I’m not like most people – Why the blind obedience to authority?

I’m not like most people. We like to think that don’t we? Especially when most people are depicted as sadistic maniacs, or at the very least, as people who will torture a human being just because someone else says so.

The movie about Stanley Milgram’s life and work doesn’t do justice to the ideas it covers. It’s boring to watch. On the flipside, it gives you plenty of time to contemplate the implications of his findings. And there is plenty to contemplate.

Most people, 65% if I recall correctly, go all the way. They will keep delivering increasingly painful electric shocks to the “learner” right up to the point where there is no higher voltage on the interface.

They do that despite and right after meeting the person and shaking hands with them. And despite the fact that he keeps yelling stuff like “Let me out! Stop it! I told you I have a heart condition.”

But that’s most people. That’s the dumb masses, not me. I would rebel and refuse to obey instructions. It’s tempting to think that way. But how can you make sure or at least get an idea of how you’d act in such a situation?

One thing that neither Milgram, nor anyone else ever since has been able to figure out is why. Why we give in to authority so easily and blindly despite knowing better and a person screaming in the other room. There is no gun held to subjects head or any sort of threat involved. A few simple instructions are all it takes.

Milgram’s experiment was inspired by his parents’ history of having been slaved in Nazi concentration camps. He was trying to understand how the masses of people that were required to run the death factories were able to override their conscience.

The closest he got to an answer has to do with responsibility.

As long as we are assured that someone else takes responsibility for the things we are asked to do, we seem to not care about the consequences of our actions. As long as we (think we) can’t be blamed, we’ll do pretty much anything.

It makes sense, from a self-protective point of view. Compliance may affect other people negatively, while non-compliance will affect me negatively at the very least by having to participate in a conflict and in extreme cases (in concentration camps) by potentially dying.

So what goes on in minds of the non-complying individuals? Why do they act irrationally and morally in the Milgram experiment? Is it unselfishness or a strong sense of integrity and agency? Is it empathy and not being able to cause a person to suffer? Is it some rebellious attitude towards authority and a general refusal of being told what to do?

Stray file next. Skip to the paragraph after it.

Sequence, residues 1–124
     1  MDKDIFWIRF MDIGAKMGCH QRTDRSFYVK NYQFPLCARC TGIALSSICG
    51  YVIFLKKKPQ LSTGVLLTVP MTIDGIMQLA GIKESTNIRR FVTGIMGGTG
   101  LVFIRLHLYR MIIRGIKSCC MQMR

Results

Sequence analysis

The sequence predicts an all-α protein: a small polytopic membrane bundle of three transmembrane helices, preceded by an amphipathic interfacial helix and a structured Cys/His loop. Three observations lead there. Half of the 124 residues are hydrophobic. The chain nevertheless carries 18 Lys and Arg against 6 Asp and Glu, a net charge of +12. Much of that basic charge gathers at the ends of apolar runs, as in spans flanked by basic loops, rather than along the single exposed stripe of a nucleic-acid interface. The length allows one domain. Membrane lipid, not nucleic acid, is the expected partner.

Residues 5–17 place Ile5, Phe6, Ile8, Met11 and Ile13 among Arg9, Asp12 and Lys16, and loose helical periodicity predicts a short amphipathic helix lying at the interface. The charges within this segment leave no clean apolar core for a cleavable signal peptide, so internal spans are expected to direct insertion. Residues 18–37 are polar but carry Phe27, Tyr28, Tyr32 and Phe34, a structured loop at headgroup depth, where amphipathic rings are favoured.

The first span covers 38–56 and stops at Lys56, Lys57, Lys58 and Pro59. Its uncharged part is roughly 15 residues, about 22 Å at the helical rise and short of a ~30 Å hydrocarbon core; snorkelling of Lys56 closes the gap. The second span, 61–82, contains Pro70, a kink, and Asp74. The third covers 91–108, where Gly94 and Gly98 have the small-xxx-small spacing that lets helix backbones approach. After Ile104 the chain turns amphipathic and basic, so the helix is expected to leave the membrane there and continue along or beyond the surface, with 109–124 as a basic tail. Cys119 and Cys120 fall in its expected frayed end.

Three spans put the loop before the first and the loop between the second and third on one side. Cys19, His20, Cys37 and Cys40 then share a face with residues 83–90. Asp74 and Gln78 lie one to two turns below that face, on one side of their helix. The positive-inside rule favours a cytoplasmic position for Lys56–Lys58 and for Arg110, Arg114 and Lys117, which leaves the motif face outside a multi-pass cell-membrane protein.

Most likely, all of those and several other factors play a role. And the extent to which they contribute varies person by person, depending on their upbringing, status, mental health etc.

Circling back to the main question, to know whether you are like most people in this experiment, take a look at how you behave in situations where you interact with authority figures.

When your boss tells you to do something a certain way, do you just do it or do you tell them about the way you think makes more sense?

When someone in a uniform requests you to do something strange, do you ask why or comply without second thoughts?

When a stupid regulation left behind from a socialist era requires you to make someone’s life difficult, but skipping a few steps would get the same results and there is no way anyone would ever find out, will you comply with the regulation or skip a few steps?

When everyone around you says that what you have in mind is an impossible enterprise, do you take their word for granted or try anyway?

Growing some balls offers itself as the obvious recipe to become less like most people. But that’s easier said than done. However, chewing on questions like these, I believe, helps you develop a stronger sense of agency and a mindset of responsibility.

What it comes down to, at the end of the day, is even if you are made believe that you are not responsible for your actions, you always are. And there is always a choice. Luckily, in most situations these days, choosing to refuse compliance is not punished by getting shot either.

The obedience experiments are just a piece of Milgram’s body of work. He explored a ton of other curiosities in social dynamics. Conformity is another favourite of mine, but that’s a story for another day.